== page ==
Now builders look at observation and feedback differently. Builders use something called one thing feedback, what we're doing when we go observe a class, whether it's for five minutes and a walkthrough, or whether it's for 45 minutes for formal observation, we go in and we are trying to understand a is this lesson working for students. And in order to determine that it's not about my gut, it's not about whether or not the teacher ticks all the boxes on my, you know, evaluation instrument. The only way that I can know that is first of all, I have to figure out what was the learning target? What was the objective for that portion of the lesson I observed? Was that worthy of students? Meaning was it rigorous enough? Was it on grade level? Was it pitch to where students were? And then did students achieve that objective? Or were they on track to achieving that objective for the time that I was in the classroom? That's the only way I know whether it's effective, was there a target that was clear and worthy of students, and were students making sufficient progress towards achieving that target? That's it. It's not about whether or not you've written in three different colored chalks or whether or not you moved around or not, I've seen teachers who move around the entire classroom, because they're told to do that. And they still aren't connecting with students. I've seen some teachers stand right in the front of the classroom, and they have the ability from that position to connect with every student in the classroom. So I'm not looking for an arbitrary list of behaviors, I'm looking to find out whether or not that combination of behaviors is actually creating a meaningful learning experience for students, and helping students learn.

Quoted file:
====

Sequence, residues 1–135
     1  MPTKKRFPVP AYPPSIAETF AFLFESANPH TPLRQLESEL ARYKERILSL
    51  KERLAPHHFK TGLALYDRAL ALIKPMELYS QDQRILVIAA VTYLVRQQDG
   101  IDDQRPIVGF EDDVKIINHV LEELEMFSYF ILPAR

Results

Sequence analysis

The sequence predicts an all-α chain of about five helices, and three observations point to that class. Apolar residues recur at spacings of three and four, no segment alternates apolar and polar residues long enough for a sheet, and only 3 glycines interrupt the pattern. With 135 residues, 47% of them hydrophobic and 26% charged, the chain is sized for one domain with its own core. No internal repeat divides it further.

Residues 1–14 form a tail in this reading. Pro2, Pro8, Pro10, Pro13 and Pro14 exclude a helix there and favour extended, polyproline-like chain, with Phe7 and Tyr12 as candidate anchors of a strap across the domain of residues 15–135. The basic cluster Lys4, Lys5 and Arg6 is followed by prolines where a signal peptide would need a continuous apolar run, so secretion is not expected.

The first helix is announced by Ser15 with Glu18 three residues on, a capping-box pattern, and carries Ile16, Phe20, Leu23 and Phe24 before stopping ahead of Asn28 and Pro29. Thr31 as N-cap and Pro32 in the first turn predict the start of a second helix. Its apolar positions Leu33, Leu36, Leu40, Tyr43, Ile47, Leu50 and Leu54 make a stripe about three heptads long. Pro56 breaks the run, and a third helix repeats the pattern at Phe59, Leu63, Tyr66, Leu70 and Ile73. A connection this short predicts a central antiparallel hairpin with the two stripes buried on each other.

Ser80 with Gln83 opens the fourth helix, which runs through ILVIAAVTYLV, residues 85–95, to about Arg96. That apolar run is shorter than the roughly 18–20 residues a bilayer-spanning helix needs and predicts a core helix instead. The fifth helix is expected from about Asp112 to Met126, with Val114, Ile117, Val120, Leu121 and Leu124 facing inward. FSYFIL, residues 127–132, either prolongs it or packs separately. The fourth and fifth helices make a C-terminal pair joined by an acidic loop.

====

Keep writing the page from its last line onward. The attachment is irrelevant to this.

That's all I'm interested in. So as a builder, I don't rely on an instrument.
Now, that doesn't mean I throw the instrument away. One of the things that we spend a lot of time doing as builders is we really interrogate the instrument to understand what the instrument is defining as good teaching, and making sure that we can detect that as our one thing in the classroom. But I'm not going to sit there and have a 20 minute conversation with the teacher about whether or not they moved around or whether or not they use an ICANN statement. Because let's say they have been in too many classrooms where they did use an I CAN statement, and it was still incoherent. I've been in other classes where they don't use it, and it's fine. What I want to know is, do you know what the students were supposed to learn that day? Do the students know what they're supposed to learn that day? Did you create an experience that helped them learn it in a meaningful way? And did they actually do that? That's all I care about. So as a builder, I look at my instrument, I understand my instrument probably more deeply than the leaders do. So I'm spending time understanding that instrument, but here's why I'm understanding the instrument. I'm understanding it not just so that I can tick off the boxes, but so that I can understand what combination of teaching behaviors is leading to the success or failure of that teacher in the classroom. And then what support and follow up, can I give that teacher to help them move one level in one domain, and one year or less.